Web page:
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Melodye and David have
always made it their top priority to obtain the best possible education
available. Several years of apprenticeship in an FEI training
facility working for a German trained "beireiter" helped
fine-tune their understanding of the training scale and the significance
of correct schooling of the gaits for horse and rider.
apprenticeship, David and Melodye shared the responsibility every day of
riding a wide variety of different breeds in every stage of training
from green to Grand Prix. Melodye began her intensive dressage training
in 1985 when she retired from a career as a professional ballet dancer.
She has competed through Prix S. George and schooled all Grand Prix
movements. Melodye brings the discipline, knowledge of physiology
and the aesthetic eye of a classically trained dancer to this dressage
arena to help you improve your horse through a well-balanced seat.
David spent his childhood
playing on ponies bareback. Later, he galloped thoroughbreds at
the racetrack and was given a horse that he re-trained to event.
Eventing led to his discovery of dressage. David is a natural in
the saddle, brimming with confidence, an important attitude that he
imparts to the horses he trains.
Melodye and David's vast
experience plus knowledge of the German training system combine to
consistently produce positive results for horses and rider. In
conclusion, David and Melodye always consider the horse's physical and
mental state first and foremost in training. While they are
results oriented trainers/teachers, they are unyielding to pressure or
push any horse beyond their current fitness level.
"We shall take care not to annoy the horse and spoil his
friendly charm, for it is like the scent of a blossom: Once lost it will
never return." (Pluvinel)
These words should be foremost in the mind of the Dressage rider. For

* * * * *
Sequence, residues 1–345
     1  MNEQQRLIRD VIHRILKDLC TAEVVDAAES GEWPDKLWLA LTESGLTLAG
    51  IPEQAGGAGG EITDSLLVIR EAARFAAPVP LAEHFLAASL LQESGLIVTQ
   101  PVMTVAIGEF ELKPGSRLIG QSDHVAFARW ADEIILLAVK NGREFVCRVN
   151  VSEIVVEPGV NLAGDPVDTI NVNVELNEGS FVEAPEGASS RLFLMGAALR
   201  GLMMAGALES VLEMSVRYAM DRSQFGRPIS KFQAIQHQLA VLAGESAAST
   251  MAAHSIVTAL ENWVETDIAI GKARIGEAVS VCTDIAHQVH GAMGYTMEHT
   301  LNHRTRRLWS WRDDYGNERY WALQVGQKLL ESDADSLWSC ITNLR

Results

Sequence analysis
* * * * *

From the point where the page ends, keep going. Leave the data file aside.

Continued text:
the overall development of a young horse, it is crucial that a trainer
not inflict the mental and physical damage that misguided training can
so easily create. Then she must be able to improve the horse’s
willingness to work while building the cornerstones of training:
relaxation and suppleness. Only when these can be achieved with light
aids, has the ultimate goal been achieved.
Proper training can only take place when a rider works with her horse
and they can form a partnership. For the rider, this involves a high
degree of training and concentration in order to achieve a constant
state of awareness of the horse she is riding, and the effect of the
aids on the horse. This state of awareness must begin with an accurate
assessment of the horse’s potential. Then, every aid that is given
must be done so very carefully and specifically. Any positive reaction
of the horse should be praised and rewarded immediately. Likewise, a
negative reaction should more likely be assumed to be the result of
confusion rather than disobedience, and should not serve as cause for
Any aspect of training that does not involve a straight and supple horse
is completely useless. It is imperative to constantly stretch and ride
every horse over his back, i.e. from back to front and back again, at
every step of the training process. There has been a lot of confusion on
the subject of stretching. Many people have interpreted stretching to
mean pulling backwards on the reins and bringing the horse’s head down
toward the front legs. A horse ridden in this manner can only curl in
his neck and can never loosen his back. He will always stiffen and draw
his back down and away from the rider’s weight. The result is stiff
and powerless haunches, which can never develop carrying ability. In a
properly stretching horse, the horse’s head is carried low and the
horse’s back is raised to a position where the pushing aids can
influence the horse to the utmost degree. The hands serve as a guiding
aid and the seat serves as the primary aid.
In order to prevent the young horse from losing his confidence, a rider
must recognize precisely when and why to give each aid so that the horse
will never be confused by mixed signals. By the same token, older and